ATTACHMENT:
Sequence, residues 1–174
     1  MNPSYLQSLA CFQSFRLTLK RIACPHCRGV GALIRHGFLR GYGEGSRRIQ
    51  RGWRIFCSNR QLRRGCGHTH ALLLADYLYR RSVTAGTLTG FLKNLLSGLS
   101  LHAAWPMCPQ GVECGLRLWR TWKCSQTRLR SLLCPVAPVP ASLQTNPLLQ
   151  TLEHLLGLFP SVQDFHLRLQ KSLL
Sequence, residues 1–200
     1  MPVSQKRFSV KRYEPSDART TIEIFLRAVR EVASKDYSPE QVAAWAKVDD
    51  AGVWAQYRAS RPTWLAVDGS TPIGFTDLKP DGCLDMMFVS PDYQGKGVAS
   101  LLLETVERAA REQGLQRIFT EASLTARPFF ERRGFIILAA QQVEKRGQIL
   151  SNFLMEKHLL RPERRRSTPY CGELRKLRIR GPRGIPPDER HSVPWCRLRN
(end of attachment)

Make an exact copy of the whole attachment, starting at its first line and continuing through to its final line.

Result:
Sequence, residues 1–174
     1  MNPSYLQSLA CFQSFRLTLK RIACPHCRGV GALIRHGFLR GYGEGSRRIQ
    51  RGWRIFCSNR QLRRGCGHTH ALLLADYLYR RSVTAGTLTG FLKNLLSGLS
   101  LHAAWPMCPQ GVECGLRLWR TWKCSQTRLR SLLCPVAPVP ASLQTNPLLQ
   151  TLEHLLGLFP SVQDFHLRLQ KSLL
Sequence, residues 1–200
     1  MPVSQKRFSV KRYEPSDART TIEIFLRAVR EVASKDYSPE QVAAWAKVDD
    51  AGVWAQYRAS RPTWLAVDGS TPIGFTDLKP DGCLDMMFVS PDYQGKGVAS
   101  LLLETVERAA REQGLQRIFT EASLTARPFF ERRGFIILAA QQVEKRGQIL
   151  SNFLMEKHLL RPERRRSTPY CGELRKLRIR GPRGIPPDER HSVPWCRLRN